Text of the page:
wolves dogs genetics and starch

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Pocket Wolf
Barked: Fri Feb 15, '13 1:19pm PST 
dogs are genetically different

february 14,2013 Los angeles times article about how wolf genetics changed to allow domestication by enabling early wolf/dogs to process starch

Edited by author Fri Feb 15, '13 1:20pm PST


Member Since
Barked: Sat Feb 16, '13 8:21am PST 
Interesting article, thanks for sharing!! It's funny to think that so many people believe that domestic dogs should be fed exactly like wolves, when the truth is, they are not at all the same! Even domestic dogs are VERY different from each other - a Shih Tzu should not be fed like a St Bernard! And neither should be fed like a wolf!!! smile

I'm triple- superior MAD- now!
Barked: Sat Feb 16, '13 10:25am PST 
Here is the article in Nature magazine.
https://docs.google.com/file/d/0B5iLESopkbPdajAyd1ZEaElZY 0U/edit?pli=1
It also helps us understand why so many dogs do so poorly on high carbohydrate diets - they just could be the dogs with fewer copies of the gene.

And it doesn't mean they need the starch, it means they might do better on a starchy diet than dogs with fewer copies of the enzyme. Max did just fine digesting a normal 60% starch kibble but is much better off with zero carbs. I bet he has lots of copies of the gene.

Member Since
Barked: Sat Feb 16, '13 10:56am PST 
It may be true that dogs don't need starch to survive. Protein and fat alone can provide them with energy and maintain proper cell and body functions. But dogs can actually benefit from some starch in their diet, provided it is in the right amount and is in a highly digestible form.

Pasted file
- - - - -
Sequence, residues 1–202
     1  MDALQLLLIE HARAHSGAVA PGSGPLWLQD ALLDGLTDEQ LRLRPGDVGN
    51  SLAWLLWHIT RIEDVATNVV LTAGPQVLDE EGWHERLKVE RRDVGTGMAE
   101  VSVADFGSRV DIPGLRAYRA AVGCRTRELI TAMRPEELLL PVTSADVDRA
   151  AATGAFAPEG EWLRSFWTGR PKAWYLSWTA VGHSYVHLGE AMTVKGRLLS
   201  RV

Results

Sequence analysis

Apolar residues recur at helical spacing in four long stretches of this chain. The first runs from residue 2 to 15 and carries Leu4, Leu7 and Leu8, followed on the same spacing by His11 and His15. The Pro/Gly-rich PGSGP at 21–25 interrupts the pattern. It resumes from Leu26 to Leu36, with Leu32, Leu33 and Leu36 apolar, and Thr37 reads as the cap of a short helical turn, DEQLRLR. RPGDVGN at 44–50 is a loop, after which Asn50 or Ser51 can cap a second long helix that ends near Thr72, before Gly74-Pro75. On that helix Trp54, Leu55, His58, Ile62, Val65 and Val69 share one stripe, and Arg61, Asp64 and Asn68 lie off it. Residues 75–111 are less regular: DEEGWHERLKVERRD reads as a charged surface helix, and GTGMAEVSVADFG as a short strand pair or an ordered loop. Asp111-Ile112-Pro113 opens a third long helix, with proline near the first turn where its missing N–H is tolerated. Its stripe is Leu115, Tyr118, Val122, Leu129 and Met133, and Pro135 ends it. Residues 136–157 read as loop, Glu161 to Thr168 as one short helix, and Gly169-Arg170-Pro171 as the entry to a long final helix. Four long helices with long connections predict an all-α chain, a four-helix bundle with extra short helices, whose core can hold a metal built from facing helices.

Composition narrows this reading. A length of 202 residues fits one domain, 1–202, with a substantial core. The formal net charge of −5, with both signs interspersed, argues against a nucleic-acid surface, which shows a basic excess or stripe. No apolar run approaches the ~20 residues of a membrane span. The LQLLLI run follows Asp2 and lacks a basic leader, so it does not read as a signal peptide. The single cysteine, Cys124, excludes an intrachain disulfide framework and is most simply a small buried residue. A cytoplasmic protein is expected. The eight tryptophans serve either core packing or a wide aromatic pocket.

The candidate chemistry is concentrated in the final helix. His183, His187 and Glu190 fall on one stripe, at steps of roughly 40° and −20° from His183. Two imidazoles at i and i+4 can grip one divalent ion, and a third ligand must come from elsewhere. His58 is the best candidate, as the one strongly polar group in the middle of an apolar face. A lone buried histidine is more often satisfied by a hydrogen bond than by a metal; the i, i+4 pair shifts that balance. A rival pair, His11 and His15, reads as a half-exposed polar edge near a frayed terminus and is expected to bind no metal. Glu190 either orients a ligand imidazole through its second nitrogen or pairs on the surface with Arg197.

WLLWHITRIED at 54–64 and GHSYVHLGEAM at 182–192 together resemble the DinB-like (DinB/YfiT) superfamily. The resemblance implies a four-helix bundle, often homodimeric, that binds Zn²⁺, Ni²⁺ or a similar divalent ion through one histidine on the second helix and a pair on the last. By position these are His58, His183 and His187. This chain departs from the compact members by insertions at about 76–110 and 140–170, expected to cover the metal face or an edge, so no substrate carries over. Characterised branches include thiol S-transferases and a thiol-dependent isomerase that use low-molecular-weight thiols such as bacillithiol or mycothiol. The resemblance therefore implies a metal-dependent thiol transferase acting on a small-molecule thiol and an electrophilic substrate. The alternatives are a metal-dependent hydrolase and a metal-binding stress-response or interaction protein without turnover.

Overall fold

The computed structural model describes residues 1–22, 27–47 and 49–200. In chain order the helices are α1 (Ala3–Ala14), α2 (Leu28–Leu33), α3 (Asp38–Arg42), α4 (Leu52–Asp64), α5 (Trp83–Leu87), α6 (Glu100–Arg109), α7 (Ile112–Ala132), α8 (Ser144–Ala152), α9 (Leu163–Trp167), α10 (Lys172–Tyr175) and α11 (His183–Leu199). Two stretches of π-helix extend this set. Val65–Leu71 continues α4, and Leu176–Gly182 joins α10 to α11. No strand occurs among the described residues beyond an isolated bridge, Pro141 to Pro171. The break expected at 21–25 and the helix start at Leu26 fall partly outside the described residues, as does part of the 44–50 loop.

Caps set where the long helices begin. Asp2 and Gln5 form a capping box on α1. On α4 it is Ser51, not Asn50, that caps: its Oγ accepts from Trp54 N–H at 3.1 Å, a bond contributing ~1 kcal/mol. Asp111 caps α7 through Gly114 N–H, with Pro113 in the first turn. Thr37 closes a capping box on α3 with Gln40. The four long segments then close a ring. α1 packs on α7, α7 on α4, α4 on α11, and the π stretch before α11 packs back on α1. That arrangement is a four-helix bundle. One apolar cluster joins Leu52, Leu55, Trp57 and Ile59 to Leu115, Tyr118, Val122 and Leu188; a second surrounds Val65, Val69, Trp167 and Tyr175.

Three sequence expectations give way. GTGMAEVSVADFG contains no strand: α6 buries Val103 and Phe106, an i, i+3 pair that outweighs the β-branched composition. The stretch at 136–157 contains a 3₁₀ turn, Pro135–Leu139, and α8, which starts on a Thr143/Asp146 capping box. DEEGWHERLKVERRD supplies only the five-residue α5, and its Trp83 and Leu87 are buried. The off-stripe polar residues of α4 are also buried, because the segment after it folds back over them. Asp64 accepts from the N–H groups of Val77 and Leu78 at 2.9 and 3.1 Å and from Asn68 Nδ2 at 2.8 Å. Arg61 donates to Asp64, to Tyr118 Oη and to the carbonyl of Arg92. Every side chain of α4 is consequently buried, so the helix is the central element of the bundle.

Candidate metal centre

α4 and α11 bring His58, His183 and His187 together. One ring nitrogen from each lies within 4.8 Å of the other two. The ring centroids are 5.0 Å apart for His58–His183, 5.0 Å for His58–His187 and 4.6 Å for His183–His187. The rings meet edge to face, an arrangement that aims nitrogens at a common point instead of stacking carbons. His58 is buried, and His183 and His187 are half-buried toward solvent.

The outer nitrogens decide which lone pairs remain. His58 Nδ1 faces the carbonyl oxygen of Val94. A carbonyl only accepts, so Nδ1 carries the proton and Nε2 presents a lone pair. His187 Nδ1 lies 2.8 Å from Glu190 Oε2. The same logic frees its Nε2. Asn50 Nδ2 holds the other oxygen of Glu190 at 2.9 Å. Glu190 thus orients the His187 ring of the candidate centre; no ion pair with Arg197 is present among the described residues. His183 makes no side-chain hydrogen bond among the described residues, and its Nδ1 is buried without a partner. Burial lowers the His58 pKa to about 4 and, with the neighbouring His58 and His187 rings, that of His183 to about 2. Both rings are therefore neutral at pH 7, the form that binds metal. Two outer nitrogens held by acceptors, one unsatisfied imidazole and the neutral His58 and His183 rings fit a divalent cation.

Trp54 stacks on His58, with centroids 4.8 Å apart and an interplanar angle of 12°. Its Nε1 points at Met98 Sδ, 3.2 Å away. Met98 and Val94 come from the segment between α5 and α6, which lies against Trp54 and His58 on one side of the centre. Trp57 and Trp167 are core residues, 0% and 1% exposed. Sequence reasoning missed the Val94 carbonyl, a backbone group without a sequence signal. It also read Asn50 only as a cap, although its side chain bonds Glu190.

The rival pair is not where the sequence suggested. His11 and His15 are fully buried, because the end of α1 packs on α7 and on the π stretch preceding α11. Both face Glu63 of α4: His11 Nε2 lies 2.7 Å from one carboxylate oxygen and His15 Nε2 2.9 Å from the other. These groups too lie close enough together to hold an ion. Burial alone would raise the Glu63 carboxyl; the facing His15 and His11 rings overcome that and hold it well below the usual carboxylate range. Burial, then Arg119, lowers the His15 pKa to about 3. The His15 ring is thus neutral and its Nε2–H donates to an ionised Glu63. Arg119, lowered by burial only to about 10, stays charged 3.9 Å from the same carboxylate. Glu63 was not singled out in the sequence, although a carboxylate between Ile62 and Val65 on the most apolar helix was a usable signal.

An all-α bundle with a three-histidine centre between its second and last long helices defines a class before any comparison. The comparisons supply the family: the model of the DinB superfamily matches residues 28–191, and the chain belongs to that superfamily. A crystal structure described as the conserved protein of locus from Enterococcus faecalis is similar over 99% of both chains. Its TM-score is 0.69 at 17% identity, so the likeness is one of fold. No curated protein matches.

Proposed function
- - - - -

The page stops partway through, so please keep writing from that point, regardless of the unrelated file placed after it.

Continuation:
Dogs derive about the same amount of energy from starch as they do from protein, and obviously (as we can see from the articles) they can metabolize it very well, especially if the starch has been cooked and ground, which greatly improves digestibility. The benefit of supplying some of the dog's energy through starch (rather than protein and fat alone) is that it frees up the protein to perform other important functions in the body, like building muscle tissue, helping with immune function, and transporting other nutrients to cells throughout the body (among many other important things).

Since it has been shown that too much protein and fat can lead to and intensify some health issues in dogs, providing energy solely through protein and fat can be problematic. If some of the energy the dog needs can be provided through starch rather than protein, it is a good way to both help regulate the protein level, and to free up most of the available protein to help with all the other functions it needs to perform in the body.

I'm triple- superior MAD- now!
Barked: Sat Feb 16, '13 1:22pm PST 
I would love some references to dogs having issues with too much protein. I know a lot of dogs have trouble with fat, some being genetic issues but haven't seen anything about protein except that some dogs don't tolerate high protein kibbles which isn't the same thing as needing less protein.

Im just a little- guy
Barked: Sat Feb 16, '13 2:54pm PST